Published: 18 August 2020
Publisher: Black Library
Series: Warhammer Crimes (Stand Alone)
Format Read: Kindle
In the immense city of Varangantua, life is cheap but mistakes are expensive. When Probator Agusto Zidarov of the city’s enforcers is charged with locating the missing scion of a wealthy family, he knows full well that the chances of finding him alive are slight. The people demanding answers, though, are powerful and ruthless, and he is soon immersed in a world of criminal cartels and corporate warfare where even an enforcer’s survival is far from guaranteed. As he follows the evidence deeper into the city’s dark underbelly, he discovers secrets that have been kept hidden by powerful hands. As the net closes in on both him and his quarry, he is forced to confront just what measures some people are willing to take in order to stay alive…
Bloodlines was a book I got through Net Galley, the fact that I got it for free did not influence my views in any way. I would like to thank both Net Galley and Black Library for making it possible to read advanced reader copies like this a thing.
Bloodlines was the first entry in the new Warhammer Crimes series that Black Library started this year. Very much like their Horror series, this series will be taking the spotlight away from the more well known Space Marine orientated books and giving it to normal human people trying to make their living in the 40K universe.
I read Bloodlines with Milou which started of pretty great, but around chapter 7 lost it’s charm on her and we decided that she should stop. Milou is not as well versed in Warhammer as I am and some of the jokes and terminology was lost on her. I did do some explaining, but even I am not to well informed on certain aspects of the setting. Milou did say that the open scene was a pretty cool one and that she would’ve loved more of that instead of reading how the main character took forever to get to drawing his conclusions. I was sad to see Milou depart, but I made it mission to update her after I finished each chapter.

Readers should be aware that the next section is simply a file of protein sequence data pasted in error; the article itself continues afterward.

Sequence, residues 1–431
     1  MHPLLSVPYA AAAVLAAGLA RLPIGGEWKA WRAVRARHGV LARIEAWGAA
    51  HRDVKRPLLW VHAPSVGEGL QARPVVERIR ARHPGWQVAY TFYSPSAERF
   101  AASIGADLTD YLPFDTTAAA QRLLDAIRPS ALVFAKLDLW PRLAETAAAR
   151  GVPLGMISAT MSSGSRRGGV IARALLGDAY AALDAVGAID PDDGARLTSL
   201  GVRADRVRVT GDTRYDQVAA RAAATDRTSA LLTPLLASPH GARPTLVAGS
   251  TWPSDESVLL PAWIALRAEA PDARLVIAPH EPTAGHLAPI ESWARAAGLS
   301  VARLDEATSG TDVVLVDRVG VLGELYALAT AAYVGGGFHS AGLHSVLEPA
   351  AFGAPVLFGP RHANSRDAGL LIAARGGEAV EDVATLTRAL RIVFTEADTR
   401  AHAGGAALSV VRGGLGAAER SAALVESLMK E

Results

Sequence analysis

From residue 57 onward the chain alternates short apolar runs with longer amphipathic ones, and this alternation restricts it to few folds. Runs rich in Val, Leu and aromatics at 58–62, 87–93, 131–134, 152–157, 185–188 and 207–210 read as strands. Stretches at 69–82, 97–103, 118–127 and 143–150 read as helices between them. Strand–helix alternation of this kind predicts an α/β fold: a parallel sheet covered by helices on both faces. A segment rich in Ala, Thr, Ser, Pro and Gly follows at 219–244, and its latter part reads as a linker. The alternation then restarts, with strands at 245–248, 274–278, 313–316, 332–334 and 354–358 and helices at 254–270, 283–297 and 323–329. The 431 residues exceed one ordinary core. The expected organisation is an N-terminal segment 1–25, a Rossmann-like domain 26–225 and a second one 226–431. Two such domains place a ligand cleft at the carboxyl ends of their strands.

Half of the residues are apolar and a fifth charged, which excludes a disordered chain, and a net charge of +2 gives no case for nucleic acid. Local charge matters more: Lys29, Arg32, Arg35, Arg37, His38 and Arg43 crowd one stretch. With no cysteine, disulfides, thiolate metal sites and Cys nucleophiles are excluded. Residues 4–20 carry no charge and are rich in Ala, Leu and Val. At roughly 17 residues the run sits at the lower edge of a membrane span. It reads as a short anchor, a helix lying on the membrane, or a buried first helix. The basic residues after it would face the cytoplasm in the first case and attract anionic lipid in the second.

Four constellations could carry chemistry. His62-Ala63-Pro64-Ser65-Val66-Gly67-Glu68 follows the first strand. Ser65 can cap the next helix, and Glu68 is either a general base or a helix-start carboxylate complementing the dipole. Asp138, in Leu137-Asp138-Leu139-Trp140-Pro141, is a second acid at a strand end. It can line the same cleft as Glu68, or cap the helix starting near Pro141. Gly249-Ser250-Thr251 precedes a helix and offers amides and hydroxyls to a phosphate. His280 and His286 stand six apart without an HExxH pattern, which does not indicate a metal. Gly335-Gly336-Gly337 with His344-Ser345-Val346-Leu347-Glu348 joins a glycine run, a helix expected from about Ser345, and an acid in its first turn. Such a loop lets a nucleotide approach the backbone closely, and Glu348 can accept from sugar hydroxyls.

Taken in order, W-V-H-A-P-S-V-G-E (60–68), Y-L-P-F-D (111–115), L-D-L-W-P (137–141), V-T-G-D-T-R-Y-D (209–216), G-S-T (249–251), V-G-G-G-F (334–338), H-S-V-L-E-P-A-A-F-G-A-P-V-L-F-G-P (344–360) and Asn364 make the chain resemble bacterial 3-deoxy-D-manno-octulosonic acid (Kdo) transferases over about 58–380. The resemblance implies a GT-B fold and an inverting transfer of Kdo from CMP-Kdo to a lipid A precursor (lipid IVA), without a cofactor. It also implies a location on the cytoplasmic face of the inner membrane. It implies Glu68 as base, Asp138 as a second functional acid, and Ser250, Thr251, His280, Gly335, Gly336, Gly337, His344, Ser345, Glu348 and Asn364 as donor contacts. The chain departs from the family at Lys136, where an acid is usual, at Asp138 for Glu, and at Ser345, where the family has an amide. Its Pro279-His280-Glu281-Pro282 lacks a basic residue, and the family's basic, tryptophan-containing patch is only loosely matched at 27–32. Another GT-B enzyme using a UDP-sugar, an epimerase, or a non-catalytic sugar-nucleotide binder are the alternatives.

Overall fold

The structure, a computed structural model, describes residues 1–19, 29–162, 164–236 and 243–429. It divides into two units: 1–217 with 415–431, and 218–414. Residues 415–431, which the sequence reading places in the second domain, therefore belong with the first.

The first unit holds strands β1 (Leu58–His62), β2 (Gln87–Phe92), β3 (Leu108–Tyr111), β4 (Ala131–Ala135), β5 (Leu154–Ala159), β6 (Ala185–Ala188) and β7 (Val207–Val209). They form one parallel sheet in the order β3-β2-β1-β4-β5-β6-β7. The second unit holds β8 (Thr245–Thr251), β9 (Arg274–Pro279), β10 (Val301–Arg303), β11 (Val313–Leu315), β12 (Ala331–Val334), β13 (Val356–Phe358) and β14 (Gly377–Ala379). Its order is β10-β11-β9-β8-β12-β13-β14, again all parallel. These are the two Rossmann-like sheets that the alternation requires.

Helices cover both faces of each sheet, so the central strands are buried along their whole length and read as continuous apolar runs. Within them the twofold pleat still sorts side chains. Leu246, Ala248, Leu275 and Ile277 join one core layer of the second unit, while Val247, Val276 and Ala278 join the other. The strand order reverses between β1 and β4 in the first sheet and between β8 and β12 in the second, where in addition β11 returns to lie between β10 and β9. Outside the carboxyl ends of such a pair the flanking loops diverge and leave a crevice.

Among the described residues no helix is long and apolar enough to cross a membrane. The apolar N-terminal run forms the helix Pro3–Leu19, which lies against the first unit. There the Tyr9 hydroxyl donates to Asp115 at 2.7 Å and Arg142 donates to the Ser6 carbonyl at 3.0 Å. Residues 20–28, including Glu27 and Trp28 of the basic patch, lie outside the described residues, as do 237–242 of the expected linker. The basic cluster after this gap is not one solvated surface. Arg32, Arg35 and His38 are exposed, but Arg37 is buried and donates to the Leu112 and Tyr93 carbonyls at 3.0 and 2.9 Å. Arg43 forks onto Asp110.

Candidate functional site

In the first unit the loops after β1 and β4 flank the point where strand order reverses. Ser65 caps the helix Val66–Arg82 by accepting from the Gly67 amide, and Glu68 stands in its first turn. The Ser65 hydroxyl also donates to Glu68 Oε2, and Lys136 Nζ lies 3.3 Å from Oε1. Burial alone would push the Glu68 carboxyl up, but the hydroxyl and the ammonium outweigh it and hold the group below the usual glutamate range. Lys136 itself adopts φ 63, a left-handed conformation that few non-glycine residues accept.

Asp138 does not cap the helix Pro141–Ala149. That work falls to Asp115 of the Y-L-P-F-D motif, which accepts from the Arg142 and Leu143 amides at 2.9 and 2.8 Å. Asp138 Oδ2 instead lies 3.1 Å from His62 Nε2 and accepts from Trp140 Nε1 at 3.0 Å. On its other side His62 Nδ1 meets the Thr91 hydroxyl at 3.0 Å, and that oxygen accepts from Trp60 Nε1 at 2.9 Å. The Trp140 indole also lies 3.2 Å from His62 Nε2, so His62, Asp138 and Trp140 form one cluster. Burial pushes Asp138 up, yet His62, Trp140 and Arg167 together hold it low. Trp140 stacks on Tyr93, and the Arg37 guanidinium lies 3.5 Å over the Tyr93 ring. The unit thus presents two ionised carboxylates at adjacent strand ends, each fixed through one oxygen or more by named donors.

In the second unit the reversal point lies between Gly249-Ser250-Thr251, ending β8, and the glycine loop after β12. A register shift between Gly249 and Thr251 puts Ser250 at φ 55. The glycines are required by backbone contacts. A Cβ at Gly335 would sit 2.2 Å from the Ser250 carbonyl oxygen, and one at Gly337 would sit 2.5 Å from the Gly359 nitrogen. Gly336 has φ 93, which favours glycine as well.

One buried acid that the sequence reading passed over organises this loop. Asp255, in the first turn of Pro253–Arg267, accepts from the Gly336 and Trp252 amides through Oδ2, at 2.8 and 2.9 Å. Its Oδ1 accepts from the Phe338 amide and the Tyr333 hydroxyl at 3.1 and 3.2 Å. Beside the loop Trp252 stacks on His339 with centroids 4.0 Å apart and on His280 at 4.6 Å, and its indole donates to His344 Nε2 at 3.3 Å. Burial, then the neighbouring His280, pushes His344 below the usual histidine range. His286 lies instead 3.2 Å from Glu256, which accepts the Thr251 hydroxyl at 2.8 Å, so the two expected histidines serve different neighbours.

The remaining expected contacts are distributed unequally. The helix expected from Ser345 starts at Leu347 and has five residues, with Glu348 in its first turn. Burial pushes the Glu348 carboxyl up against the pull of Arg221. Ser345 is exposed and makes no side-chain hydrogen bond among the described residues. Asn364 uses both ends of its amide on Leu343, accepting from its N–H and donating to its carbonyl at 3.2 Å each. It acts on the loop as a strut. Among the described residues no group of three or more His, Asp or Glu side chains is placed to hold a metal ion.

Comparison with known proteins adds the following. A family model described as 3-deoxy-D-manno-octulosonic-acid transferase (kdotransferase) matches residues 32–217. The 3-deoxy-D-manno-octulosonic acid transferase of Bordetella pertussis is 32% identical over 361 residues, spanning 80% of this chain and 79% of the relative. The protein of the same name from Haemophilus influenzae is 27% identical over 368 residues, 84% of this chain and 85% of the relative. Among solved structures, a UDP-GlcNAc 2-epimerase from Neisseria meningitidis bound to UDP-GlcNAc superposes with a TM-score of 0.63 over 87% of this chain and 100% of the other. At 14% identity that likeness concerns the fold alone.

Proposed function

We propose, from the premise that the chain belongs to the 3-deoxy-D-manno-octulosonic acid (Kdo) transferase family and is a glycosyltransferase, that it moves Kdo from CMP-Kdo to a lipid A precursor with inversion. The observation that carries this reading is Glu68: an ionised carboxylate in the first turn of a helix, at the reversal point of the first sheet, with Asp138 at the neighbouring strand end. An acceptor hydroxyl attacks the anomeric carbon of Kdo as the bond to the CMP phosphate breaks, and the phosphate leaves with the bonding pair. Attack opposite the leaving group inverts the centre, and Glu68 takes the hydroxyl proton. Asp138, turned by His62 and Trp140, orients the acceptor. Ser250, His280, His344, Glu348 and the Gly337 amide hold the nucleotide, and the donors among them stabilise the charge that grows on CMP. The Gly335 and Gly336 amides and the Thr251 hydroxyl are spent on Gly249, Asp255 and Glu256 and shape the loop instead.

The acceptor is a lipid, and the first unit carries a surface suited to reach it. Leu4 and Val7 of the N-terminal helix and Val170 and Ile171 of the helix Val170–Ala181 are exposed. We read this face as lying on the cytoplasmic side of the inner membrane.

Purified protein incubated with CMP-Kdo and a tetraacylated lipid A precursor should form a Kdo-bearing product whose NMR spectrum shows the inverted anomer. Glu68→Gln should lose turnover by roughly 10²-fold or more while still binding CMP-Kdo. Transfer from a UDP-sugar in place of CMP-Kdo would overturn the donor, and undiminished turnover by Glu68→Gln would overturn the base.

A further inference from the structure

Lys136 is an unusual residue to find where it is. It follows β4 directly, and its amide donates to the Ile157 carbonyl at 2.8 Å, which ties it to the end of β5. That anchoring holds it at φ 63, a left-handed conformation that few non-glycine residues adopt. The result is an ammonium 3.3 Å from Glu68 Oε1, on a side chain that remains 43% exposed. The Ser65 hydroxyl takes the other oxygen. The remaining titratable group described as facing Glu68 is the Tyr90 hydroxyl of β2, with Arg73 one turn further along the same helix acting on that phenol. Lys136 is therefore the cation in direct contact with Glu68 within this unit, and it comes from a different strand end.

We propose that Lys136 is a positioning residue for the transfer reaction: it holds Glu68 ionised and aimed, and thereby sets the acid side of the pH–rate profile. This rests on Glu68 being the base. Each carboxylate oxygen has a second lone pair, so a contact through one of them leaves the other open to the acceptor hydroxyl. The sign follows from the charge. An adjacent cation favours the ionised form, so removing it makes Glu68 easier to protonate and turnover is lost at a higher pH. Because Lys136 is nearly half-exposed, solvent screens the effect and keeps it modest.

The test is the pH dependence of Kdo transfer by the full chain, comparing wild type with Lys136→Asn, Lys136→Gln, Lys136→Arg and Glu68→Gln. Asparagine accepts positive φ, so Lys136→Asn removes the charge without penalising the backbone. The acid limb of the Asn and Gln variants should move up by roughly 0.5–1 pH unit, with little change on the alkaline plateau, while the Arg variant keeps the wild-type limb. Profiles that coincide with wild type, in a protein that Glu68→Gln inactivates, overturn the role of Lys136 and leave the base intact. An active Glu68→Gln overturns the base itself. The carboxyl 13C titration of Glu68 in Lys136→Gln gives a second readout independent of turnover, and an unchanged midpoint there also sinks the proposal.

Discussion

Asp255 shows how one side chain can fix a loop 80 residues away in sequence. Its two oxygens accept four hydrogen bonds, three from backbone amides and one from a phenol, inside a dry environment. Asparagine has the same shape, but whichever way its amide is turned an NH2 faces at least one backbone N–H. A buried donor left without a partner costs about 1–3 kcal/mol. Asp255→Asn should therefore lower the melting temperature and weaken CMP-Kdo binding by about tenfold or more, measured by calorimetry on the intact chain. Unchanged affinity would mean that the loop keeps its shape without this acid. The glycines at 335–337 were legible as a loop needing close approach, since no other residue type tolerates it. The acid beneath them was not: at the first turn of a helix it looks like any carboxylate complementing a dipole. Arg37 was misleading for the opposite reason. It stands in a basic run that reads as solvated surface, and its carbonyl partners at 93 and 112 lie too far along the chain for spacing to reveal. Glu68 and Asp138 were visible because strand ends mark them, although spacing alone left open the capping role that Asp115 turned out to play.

Whether it was Wraight’s intention to wrong foot me like he did in Bloodlines I do not know, but I have to say well played good sir well played. From the start I did not really care for our main character Zido. He came of as obtuse as a wooden board, but nearing the end I could not help but cheer him on as he had to go through quite a few scenarios in order to make me realize that he had already early on in the book made his conclusions as to the who dunnit part of the story. Or rather had a hunch, but needed to go through the motions so we as the readers could experience the procedures involved in taking on crime in 40K. The pay off and the WHO was such a great reveal and I was really glad with the outcome. I do not know if that makes any sense, but I am glad that this is the way Bloodlines turned out. In it’s essence it was a basic police story set in the 40K universe, with it’s own twists. I feel that Wraight did an amazing job with how he handled this story. At times there had to be a lot of world building in the same instance as moving the plot along, but it is something that was needed as Varangantua is a new setting. I am not yet sure if it is going to stay just in 40K and this city/world, or if it will crossover to Old World and Age of Sigmar as well, we will have to wait and see.